French Straw Bale Garden Grows Crops and Flowers On Urban Balcony
July 11, 2013 by Robin Plaskoff Horton
Spotted in April at Paris’s urban garden show Jardins Jardin: a very original and beautiful concept by Thomas Hanss and Raphaël Cloix of Société Architecture des paysages. Une Récolte en Ville (City Harvest) is a stylish mini-straw bale garden fit for a terrace, deck or balcony. I love how the straw bale looks juxtaposed with this urban decorative iron balcony railing.
We’re used to seeing straw bales used for vegetable gardens, the bales always placed in neat rows or creative designs on the ground. Here’s a particularly gorgeous example:
Photo via Joel Karsten.
Straw bales can really come to the rescue when soil is bad or space is limited. Plants love them! Why not make them decorative?
What makes this option extra beautiful for a terrace is the fact that you can grow your flowers and herbs on all sides of the bale. The entire surface of the bale is open for business!
But while hanging on the terrace, wouldn’t the straw just kind of fall apart and make a mess? No, it won’t fall to pieces in front of your eyes. Here’s why: before planting in a straw bale, you have to “condition” it.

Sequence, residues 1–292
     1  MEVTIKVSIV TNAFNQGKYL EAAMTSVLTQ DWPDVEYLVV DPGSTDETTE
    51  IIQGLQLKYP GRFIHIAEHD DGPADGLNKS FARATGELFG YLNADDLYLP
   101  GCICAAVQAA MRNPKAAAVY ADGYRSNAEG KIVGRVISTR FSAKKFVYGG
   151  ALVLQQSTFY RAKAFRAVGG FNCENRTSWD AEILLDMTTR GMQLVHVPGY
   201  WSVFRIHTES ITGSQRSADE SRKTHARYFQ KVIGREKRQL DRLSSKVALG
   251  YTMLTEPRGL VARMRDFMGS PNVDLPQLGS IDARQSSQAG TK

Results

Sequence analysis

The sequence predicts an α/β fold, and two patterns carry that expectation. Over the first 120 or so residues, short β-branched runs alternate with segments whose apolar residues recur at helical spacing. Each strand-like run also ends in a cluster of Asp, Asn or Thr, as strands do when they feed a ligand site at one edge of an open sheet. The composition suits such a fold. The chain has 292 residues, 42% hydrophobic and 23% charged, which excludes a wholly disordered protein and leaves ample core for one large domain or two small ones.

How to Condition the Straw Bale
This can be a 12-day to 3-week process, depending on your predisposition for thoroughness and the particulars of your climate. Conditioning the bale requires soaking it daily and applying the nitrogen fix of your choice intermittently. Bone meal, fishmeal or compost will do the trick. By soaking it day after day and applying the nitrogen fix, the bale begins to decompose, which makes for great growing.
Photo via Root Simple .
This conditioning is what enables the straw bale to retain its shape. Since the bale will be hanging, keep it soaked. Also, as you can see on Une Récolte en Ville, using netting or thicker twine around the bale looks great, enables you to secure your bale to your railing, and aides in the containment of the straw.
How to Plant the Bale
When you are ready to plant, take a sharp trowel and separate the straw. Place your plant down to the first leaf and let the straw fill in around it. If you’d like to grow from seed, put a little compost soil in the space where you have separated the straw before placing the seed there. Do be aware that decomposition makes the bale hot! Wait for it to cool down before planting.
Photo via the lovely Tiny Terra Ferma in Philadelphia.
You end up with is a truly dynamic presentation of natural beauty designed to fit perfectly into your less-than-natural, urban environment.
We’d love to hear your experiences with growing in straw bales. Any tips would be great—and if you do attempt to recreate Une Récolte en Ville, you must let us know!
Unless otherwise noted, photos via Architecture des Paysages.